The euro (sign: €; code: EUR) is the currency used by the Institutions of the European Union and is the official currency of the eurozone, which consists of 17 of the 27 member states of the European Union: Austria, Belgium, Cyprus, Estonia, Finland, France, Germany, Greece, Ireland, Italy, Luxembourg, Malta, the Netherlands, Portugal, Slovakia, Slovenia, and Spain. The currency is also used in a further five European countries and consequently used daily by some 332 million Europeans. Additionally, more than 175 million people worldwide—including 150 million people in Africa—use currencies pegged to the euro.
The euro is the second largest reserve currency as well as the second most traded currency in the world after the United States dollar. As of March 2013, with almost €920 billion in circulation, the euro has the highest combined value of banknotes and coins in circulation in the world, having surpassed the US dollar. Based on International Monetary Fund estimates of 2008 GDP and purchasing power parity among the various currencies, the eurozone is the second largest economy in the world.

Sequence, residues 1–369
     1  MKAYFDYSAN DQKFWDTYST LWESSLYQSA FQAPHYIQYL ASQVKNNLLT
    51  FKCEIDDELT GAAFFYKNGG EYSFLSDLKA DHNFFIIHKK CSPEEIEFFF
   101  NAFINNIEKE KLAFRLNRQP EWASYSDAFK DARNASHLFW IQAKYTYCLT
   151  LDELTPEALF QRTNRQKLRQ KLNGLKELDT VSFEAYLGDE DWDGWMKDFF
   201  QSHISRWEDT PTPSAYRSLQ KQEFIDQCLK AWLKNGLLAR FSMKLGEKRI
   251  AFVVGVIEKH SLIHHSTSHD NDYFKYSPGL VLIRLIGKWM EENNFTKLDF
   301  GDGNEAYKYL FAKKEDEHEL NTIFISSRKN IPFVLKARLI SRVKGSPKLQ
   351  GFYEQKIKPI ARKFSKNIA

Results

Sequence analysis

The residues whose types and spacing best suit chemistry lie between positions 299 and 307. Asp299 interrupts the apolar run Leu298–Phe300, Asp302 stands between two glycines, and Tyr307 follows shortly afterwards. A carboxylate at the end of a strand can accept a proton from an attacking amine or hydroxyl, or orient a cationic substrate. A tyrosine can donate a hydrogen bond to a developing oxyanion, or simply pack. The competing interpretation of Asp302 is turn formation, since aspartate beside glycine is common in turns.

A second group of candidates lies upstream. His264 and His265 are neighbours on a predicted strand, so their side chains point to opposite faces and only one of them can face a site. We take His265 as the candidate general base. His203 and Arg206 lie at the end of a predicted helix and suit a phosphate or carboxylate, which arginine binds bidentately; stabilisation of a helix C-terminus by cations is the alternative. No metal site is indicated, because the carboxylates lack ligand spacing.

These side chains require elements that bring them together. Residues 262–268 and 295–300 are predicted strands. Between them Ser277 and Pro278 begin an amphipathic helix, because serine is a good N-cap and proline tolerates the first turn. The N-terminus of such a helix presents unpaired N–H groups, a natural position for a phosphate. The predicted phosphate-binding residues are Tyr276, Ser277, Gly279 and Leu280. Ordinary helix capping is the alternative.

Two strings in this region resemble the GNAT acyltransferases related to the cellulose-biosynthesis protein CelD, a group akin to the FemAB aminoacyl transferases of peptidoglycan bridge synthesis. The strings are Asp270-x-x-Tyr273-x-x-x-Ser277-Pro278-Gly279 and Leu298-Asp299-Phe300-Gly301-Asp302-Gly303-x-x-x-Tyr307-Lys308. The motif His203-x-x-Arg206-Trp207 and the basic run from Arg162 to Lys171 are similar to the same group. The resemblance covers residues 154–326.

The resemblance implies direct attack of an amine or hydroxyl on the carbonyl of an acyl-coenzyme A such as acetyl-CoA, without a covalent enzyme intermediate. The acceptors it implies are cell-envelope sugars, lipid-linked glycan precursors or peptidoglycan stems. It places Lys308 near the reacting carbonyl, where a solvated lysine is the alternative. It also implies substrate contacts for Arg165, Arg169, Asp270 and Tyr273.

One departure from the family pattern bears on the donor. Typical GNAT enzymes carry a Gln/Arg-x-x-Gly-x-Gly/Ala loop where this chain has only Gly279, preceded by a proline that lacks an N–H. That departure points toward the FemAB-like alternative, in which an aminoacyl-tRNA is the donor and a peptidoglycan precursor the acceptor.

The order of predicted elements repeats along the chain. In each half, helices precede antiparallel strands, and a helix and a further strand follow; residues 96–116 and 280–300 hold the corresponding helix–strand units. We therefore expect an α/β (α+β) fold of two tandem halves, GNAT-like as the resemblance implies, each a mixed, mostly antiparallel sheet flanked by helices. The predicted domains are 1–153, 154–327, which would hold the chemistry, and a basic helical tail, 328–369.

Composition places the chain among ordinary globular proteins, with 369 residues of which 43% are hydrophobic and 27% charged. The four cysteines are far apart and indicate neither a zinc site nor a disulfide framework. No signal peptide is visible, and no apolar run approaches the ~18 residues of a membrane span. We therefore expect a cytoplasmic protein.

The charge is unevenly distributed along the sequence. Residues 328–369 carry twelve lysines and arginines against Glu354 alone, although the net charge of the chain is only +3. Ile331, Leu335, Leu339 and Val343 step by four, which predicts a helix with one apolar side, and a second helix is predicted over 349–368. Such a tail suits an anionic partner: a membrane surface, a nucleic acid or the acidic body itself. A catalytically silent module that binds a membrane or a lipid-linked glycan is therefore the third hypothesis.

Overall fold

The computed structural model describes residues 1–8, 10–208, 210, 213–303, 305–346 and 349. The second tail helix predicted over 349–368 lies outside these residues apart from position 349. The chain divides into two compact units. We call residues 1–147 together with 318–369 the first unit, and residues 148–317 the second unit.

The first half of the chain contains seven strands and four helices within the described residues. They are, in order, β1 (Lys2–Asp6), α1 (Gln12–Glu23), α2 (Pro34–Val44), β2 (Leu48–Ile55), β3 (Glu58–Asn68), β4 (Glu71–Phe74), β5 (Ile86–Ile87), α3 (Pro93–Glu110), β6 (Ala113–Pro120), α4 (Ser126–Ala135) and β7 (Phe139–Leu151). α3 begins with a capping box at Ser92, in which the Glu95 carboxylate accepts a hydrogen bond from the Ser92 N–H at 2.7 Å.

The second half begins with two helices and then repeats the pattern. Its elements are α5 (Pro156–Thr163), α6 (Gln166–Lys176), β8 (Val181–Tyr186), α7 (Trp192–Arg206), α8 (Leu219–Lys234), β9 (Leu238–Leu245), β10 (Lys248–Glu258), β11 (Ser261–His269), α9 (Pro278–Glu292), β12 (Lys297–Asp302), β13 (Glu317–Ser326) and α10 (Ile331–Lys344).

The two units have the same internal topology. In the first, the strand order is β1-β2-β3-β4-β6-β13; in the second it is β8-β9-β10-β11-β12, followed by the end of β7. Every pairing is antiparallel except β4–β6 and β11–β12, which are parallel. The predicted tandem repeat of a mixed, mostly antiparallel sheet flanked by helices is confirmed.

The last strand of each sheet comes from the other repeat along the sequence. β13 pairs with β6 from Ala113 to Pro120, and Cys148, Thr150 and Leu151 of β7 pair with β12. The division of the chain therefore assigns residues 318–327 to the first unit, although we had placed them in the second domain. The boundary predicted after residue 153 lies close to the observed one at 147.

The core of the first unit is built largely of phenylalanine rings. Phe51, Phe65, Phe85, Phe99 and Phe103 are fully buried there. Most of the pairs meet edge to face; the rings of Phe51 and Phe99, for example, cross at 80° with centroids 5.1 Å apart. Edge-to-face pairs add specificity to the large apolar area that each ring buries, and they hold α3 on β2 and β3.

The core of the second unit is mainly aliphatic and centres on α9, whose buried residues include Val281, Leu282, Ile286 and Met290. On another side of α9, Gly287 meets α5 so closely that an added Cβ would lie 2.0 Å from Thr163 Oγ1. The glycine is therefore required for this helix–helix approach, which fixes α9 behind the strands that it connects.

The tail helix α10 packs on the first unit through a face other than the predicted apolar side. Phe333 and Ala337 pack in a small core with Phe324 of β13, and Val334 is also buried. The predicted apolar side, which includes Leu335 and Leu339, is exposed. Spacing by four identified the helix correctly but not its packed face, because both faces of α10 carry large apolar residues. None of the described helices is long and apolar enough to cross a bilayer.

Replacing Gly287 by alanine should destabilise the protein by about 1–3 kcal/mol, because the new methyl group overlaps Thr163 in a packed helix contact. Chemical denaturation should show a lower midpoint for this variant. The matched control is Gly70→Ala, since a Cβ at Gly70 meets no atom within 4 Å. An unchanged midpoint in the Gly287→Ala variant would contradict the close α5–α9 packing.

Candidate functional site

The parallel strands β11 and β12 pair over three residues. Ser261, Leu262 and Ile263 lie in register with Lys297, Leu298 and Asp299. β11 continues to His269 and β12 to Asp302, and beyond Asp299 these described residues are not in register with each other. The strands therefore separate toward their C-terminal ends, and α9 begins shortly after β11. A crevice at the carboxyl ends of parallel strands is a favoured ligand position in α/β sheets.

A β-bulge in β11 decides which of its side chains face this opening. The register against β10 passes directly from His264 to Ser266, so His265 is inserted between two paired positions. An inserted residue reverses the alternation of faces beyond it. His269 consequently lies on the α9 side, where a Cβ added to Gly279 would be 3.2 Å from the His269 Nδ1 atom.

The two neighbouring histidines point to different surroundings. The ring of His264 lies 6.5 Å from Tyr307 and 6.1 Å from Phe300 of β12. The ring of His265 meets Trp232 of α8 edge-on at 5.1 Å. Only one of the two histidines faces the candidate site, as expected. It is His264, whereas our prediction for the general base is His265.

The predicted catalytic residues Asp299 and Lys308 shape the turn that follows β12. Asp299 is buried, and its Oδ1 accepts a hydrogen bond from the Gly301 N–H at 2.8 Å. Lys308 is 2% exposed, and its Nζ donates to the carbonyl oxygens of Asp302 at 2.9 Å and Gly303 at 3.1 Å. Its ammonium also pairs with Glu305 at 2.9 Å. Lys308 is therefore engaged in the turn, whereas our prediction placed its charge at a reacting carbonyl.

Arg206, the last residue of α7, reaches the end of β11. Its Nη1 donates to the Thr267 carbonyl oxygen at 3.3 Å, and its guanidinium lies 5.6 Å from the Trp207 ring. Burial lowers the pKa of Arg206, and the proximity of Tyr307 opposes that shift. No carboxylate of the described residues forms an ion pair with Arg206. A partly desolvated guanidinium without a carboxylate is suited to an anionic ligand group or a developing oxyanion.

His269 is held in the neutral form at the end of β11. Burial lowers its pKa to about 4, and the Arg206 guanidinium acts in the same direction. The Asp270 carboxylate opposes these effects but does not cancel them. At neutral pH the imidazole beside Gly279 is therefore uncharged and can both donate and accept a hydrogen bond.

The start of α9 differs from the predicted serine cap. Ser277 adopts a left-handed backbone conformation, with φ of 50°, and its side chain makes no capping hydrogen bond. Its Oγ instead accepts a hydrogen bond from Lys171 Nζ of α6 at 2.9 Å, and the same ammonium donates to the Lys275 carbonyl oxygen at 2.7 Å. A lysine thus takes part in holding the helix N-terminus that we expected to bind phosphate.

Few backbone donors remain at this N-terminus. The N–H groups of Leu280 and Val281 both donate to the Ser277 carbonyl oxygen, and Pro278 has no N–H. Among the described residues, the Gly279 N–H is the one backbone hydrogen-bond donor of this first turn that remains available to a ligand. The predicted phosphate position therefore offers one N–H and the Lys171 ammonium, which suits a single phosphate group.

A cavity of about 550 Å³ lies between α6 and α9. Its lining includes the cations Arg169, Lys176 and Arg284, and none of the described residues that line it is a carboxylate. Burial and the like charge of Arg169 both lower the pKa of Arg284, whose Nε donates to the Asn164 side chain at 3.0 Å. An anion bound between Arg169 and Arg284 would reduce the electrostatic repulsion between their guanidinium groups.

The name euro was officially adopted on 16 December 1995. The euro was introduced to world financial markets as an accounting currency on 1 January 1999, replacing the former European Currency Unit (ECU) at a ratio of 1:1 (US$1.1743). Euro coins and banknotes entered circulation on 1 January 2002. While the euro dropped subsequently to US$0.8252 within two years (26 October 2000), it has traded above the US dollar since the end of 2002, peaking at US$1.6038 on 18 July 2008. Since late 2009, the euro has been immersed in the European sovereign-debt crisis which has led to the creation of the European Financial Stability Facility as well as other reforms aimed at stabilising the currency. In July 2012, the euro fell below US$1.21 for the first time in two years, following concerns raised over Greek debt and Spain's troubled banking sector.
The euro is managed and administered by the Frankfurt-based European Central Bank (ECB) and the Eurosystem (composed of the central banks of the eurozone countries). As an independent central bank, the ECB has sole authority to set monetary policy. The Eurosystem participates in the printing, minting and distribution of notes and coins in all member states, and the operation of the eurozone payment systems.
The 1992 Maastricht Treaty obliges most EU member states to adopt the euro upon meeting certain monetary and budgetary convergence criteria, although not all states have done so. The United Kingdom and Denmark negotiated exemptions, while Sweden (which joined the EU in 1995, after the Maastricht Treaty was signed) turned down the euro in a 2003 referendum, and has circumvented the obligation to adopt the euro by not meeting the monetary and budgetary requirements. All nations that have joined the EU since 1993 have pledged to adopt the euro in due course.